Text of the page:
teamwork

Creating a positive and productive company culture should be the goal of any CEO. But it’s easier said than done. Challenges arise in getting the right mix of people with the right personalities and the right work ethic.

Here are a few tips in finding that balance, and providing a successful place of business where employees can thrive.

It starts with hiring.

Bringing in the right people is the logical first step to building a great company culture. Consider the desired environment when interviewing candidates. Amy Power writes about this for entrepreneur.com.

When facing a hiring decision, resist the need to plunk bodies in chairs,” she writes. “Great culture leaves room for people to further their careers and help one another along the way. Ask whether candidates are trainable, helpful team players. Some assets such as great personality, trustworthiness, and integrity simply can’t be taught. Most important, is the job candidate likable? If the person has a stellar resume but is repugnant, walk away. Ask the team’s opinion when hiring. Have the group take the candidate out to lunch to see how he or she behaves outside the office and whether members of the team enjoy being around them.”

Don’t avoid water cooler talk.

A positive company culture is often the kind where employees don’t feel the need to snap to attention every time the CEO walks by. Engaging the staff in small talk may help the staff relate to the boss. AJ Agrawal, CEO of Alumnify, writes about this for inc.com.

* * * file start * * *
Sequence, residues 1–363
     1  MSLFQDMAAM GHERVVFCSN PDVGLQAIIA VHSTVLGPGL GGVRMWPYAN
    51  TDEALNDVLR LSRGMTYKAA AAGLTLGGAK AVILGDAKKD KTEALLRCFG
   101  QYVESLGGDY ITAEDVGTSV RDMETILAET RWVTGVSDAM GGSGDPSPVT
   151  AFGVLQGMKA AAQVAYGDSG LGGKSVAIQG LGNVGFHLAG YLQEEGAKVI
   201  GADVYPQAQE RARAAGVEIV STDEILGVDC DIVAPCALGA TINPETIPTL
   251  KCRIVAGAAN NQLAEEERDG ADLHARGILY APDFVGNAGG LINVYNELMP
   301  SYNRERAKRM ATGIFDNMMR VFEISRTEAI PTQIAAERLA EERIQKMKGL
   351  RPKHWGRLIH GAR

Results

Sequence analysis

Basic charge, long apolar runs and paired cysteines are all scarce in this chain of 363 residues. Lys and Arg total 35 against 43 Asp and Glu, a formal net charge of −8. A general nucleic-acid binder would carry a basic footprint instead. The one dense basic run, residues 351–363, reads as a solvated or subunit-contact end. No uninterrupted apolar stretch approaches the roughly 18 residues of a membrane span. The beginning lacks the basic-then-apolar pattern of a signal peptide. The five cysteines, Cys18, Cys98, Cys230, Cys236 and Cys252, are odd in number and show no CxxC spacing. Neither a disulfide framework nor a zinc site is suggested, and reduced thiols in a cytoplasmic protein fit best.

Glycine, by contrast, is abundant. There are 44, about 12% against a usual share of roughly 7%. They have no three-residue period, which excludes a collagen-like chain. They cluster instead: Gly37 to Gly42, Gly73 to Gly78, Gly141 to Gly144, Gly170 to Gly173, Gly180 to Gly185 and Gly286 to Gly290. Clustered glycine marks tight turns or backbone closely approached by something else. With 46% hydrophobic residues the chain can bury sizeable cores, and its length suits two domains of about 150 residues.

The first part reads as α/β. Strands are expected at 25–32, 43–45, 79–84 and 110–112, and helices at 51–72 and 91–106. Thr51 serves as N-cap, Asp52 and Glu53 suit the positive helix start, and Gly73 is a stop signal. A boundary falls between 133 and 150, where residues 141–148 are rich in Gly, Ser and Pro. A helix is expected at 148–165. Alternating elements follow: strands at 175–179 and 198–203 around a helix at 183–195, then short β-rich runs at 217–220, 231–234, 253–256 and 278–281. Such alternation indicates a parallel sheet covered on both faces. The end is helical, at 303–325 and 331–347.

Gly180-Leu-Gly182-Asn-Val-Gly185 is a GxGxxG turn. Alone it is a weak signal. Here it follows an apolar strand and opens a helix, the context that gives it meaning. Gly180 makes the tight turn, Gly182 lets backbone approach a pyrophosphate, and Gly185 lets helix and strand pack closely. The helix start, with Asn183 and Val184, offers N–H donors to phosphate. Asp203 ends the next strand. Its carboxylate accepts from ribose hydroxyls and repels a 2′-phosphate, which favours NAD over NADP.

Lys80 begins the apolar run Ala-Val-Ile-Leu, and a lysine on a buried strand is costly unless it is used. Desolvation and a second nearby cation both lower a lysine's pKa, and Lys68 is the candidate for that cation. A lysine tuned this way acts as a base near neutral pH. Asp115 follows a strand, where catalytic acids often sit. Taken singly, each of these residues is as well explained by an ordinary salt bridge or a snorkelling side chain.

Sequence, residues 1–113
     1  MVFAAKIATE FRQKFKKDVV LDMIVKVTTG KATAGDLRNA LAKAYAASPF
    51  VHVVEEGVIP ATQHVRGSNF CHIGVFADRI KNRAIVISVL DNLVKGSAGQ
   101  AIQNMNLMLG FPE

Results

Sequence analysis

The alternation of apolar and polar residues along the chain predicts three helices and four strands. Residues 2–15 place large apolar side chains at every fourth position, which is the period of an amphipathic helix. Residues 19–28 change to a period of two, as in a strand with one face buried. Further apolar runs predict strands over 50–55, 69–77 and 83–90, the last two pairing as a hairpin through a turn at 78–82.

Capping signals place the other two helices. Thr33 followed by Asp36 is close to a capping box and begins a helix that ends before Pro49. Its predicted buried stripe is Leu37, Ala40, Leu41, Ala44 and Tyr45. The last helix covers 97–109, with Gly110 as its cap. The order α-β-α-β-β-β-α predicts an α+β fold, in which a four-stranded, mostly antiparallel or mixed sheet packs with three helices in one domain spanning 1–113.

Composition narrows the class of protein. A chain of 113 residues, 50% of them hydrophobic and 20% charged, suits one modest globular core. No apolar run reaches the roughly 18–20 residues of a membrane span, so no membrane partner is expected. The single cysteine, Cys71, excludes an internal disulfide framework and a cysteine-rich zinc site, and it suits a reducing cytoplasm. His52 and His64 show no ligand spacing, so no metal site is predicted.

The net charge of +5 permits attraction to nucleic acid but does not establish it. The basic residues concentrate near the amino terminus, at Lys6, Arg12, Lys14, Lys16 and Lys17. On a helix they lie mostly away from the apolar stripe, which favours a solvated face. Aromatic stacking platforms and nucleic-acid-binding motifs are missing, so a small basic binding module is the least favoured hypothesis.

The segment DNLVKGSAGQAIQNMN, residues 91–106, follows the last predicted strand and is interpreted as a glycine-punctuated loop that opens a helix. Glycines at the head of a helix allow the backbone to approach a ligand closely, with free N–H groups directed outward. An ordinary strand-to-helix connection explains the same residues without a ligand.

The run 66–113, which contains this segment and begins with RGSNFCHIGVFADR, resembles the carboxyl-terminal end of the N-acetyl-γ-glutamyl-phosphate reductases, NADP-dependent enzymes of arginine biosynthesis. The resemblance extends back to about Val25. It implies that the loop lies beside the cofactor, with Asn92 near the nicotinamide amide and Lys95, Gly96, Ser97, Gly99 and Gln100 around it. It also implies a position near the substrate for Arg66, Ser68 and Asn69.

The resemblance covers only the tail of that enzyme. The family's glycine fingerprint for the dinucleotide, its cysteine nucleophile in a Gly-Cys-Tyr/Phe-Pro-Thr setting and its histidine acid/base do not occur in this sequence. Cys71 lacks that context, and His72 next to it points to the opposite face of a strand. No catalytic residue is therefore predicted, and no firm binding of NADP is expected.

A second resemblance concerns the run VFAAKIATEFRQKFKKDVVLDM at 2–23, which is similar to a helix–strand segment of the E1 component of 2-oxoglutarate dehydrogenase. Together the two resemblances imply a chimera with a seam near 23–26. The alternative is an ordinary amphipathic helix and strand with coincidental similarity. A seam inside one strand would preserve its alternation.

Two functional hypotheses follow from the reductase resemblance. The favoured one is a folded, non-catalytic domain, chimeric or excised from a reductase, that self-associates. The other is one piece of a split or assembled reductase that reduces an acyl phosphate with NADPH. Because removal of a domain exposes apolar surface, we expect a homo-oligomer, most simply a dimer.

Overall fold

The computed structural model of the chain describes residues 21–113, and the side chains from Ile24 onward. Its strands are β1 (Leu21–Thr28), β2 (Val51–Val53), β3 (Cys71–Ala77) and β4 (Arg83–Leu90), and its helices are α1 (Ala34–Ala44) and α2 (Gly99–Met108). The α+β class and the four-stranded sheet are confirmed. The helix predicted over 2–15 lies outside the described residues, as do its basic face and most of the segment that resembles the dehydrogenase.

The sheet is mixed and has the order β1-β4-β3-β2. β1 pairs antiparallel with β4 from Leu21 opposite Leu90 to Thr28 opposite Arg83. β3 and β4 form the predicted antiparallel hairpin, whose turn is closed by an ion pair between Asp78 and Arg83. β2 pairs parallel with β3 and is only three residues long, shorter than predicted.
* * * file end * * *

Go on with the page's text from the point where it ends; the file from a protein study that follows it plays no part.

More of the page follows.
If you walk by our office, there’s a good chance you’ll see a group of us laughing about something other than work,” he says. “As the leader, I try to encourage these moments as much as possible. It’s a mistake to think that people work best when they sit in silence. Humans are designed to be social creatures. It’s how our ancestors survived and thrived. To try and build a company culture that prevents these interactions is counterproductive. More importantly, it’s against our nature. Next time you see members of your team talking about things other than work, don’t see this as a waste of time. Instead, see this as essential for building unity among your members.”

Develop trust.

It may be hard for some business leaders to develop, but trust is a major key to achieving the desired company culture. It’s not something that can be instantly earned, but the connection will lay the foundation for progress, as Power writes in her entrepreneur.com piece.

So many bosses worry about being taken advantage of, but treating employees like servants or prisoners doesn’t track,” she says. “When people know they are trusted, they feel personally responsible. Trust is one of the most important elements of a company’s culture; when employees’ honor is validated, the message is sent that they are entirely valued. When employees don’t feel like the boss is looking over their shoulder all the time, they are comfortable to do their best work. Trust encourages the most incredible brainstorms, which can lead to groundbreaking ideas.”

Serve as your team’s protector.

When employees know that you have their back, they’ll feel more comfortable and confident in their work. That doesn’t mean a CEO should act like an overbearing parent, just someone who puts his or her employees first, as Agrawal writes in his inc.com story.

When the leader makes personal sacrifices for the team, the team in turn makes sacrifices for the organization,” he says. “Being selfless is contagious. This is why personal acts of sacrifice inspire us and encourage us to do the same. To build a company culture that focuses on the whole rather than the parts, start to act like you’re the guardian of your employees. Make sure you eat last, do the things no one wants to do, and dive into trouble headfirst. When your team sees this, they will buy into the mission. …It allows you to develop a culture that your competition would die for.”